Browse our ghost ebooks….

 

Ghost short stories are tales or works of fiction that focus on the presence of a ghost or a supernatural being. The story often hinges on a character’s belief in such entities. If a ghost short story has the main objective of inspiring fear, we have chosen to list it under our horror sub-genre of “supernatural”. However, while many ghost short stories can be creepy and unsettling there are many others that do not belong in the genre of horror. Our short stories involving ghosts may have a central theme of a more general literary, romantic, or even comedy nature, where the presence of a ghost is key to the plot but does not seek to frighten the reader. The aim is rather to amuse, entertain or meditate on different themes regarding life and death.     

Beware Green Eyes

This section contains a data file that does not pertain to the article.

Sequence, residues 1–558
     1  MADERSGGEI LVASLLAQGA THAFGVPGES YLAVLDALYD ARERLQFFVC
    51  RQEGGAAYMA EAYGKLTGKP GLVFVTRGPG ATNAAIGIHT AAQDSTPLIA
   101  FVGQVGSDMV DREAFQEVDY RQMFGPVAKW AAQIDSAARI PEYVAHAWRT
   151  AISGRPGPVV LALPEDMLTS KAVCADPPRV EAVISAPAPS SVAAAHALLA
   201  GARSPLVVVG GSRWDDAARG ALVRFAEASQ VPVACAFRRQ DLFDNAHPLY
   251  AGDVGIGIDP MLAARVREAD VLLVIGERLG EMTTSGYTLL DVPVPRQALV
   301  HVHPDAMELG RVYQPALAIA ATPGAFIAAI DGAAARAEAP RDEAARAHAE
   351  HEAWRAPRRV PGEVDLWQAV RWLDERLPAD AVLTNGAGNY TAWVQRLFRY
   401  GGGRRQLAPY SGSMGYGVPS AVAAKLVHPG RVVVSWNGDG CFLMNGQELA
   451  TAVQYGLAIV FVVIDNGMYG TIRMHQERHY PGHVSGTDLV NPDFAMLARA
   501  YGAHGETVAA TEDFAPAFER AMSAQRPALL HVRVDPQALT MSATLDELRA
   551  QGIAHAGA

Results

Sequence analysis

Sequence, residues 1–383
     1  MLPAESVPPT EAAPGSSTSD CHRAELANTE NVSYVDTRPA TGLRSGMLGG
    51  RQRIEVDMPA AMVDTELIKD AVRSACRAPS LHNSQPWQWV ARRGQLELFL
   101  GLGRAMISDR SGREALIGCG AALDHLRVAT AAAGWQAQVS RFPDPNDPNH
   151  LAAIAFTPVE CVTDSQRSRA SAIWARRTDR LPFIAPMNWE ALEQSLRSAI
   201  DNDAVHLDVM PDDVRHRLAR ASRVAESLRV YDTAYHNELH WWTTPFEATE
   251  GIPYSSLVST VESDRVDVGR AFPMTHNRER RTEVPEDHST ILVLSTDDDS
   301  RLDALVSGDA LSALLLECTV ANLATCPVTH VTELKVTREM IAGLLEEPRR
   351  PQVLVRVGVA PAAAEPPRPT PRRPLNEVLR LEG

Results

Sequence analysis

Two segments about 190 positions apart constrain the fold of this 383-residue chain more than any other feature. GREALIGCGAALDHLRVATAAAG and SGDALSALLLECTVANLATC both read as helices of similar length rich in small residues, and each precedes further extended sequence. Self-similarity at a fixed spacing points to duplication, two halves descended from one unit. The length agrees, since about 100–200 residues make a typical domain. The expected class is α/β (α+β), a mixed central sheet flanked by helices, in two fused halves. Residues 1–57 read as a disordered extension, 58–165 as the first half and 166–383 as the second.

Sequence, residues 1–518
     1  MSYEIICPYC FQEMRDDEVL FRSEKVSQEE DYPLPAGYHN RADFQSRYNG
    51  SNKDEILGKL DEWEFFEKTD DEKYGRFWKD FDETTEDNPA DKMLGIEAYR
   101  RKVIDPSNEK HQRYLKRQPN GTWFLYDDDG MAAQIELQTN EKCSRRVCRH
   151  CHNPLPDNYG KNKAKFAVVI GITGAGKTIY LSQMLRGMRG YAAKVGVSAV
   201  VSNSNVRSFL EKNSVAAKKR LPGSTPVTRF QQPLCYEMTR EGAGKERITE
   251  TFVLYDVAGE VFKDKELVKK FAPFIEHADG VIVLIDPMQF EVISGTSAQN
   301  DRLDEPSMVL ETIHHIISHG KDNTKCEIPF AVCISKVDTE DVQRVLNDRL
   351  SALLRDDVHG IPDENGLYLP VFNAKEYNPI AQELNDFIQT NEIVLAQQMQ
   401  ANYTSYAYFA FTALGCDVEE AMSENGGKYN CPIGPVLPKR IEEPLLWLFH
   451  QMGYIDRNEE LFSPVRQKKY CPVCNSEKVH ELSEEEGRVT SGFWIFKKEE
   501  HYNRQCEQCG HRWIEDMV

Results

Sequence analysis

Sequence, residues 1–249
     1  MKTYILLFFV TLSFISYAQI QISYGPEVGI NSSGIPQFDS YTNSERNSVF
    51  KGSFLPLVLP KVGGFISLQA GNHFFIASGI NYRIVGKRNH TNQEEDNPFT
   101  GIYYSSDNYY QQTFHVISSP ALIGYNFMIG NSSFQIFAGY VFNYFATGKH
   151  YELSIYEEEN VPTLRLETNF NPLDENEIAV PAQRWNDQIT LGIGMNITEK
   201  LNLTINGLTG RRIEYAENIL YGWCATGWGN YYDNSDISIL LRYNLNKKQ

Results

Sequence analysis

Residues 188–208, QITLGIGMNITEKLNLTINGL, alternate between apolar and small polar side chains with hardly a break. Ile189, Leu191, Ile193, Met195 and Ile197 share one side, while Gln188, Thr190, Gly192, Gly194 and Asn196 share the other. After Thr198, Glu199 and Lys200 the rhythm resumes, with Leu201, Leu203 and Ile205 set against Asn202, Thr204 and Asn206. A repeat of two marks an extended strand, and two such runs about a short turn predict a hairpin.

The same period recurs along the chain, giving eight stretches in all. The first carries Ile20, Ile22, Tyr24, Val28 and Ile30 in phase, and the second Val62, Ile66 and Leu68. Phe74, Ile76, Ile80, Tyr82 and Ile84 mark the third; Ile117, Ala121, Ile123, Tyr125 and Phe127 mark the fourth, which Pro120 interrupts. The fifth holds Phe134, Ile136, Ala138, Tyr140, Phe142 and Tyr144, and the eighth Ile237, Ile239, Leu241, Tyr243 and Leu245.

A young girl's ghost friend turns out to be a liar. A story for readers of 9 years of age or older. "It all started on a Friday in February when I stayed home from school with a bad cold. I’d had my twelfth birthday the week before and I’d got a chill at my ice skating party. The rink was a temporary one put up in the town centre each year from November through to February half term. My birthday had been the last day. At least it hadn’t snowed, I could remember at least three birthdays when my celebrations had been cancelled because of the weather. So, I was off school and for the first time I was alone in my house for a whole day. Mum and Dad had gone to work and my younger brothers were at school, even though they’d made a drama of coughing and spluttering their way through breakfast as they made a play to stay off too. I think that buildings sound different when people go out and they’re empty, or almost empty. I was still there of course, but I was tucked up on the living room sofa and lying quite still. I heard the central heating pipes knock and moan gently as the hot water passed through them. The clock on the mantelpiece quartered the hours into minutes and seconds with brisk, quiet ticks. The eaves dripped and splashed as ice melted in the reluctant, shy sunshine of the early spring day. I watched a spider as she spun her web in the corner of the window that looked out onto our garden and I swear I could hear the silken skein being stretched into a silvery geometry all of its own. The fridge buzzed and slept and buzzed and slept as the thermostat regulated the temperature. I was mesmerised by the insistent hum of home and the liquid gurgling of my gut. I’d slept the night before with my nose blocked and my mouth open and swallowed a lot of air that was now singing its own tune. I must have drifted off but then my doze was interrupted and I sat up with a start..."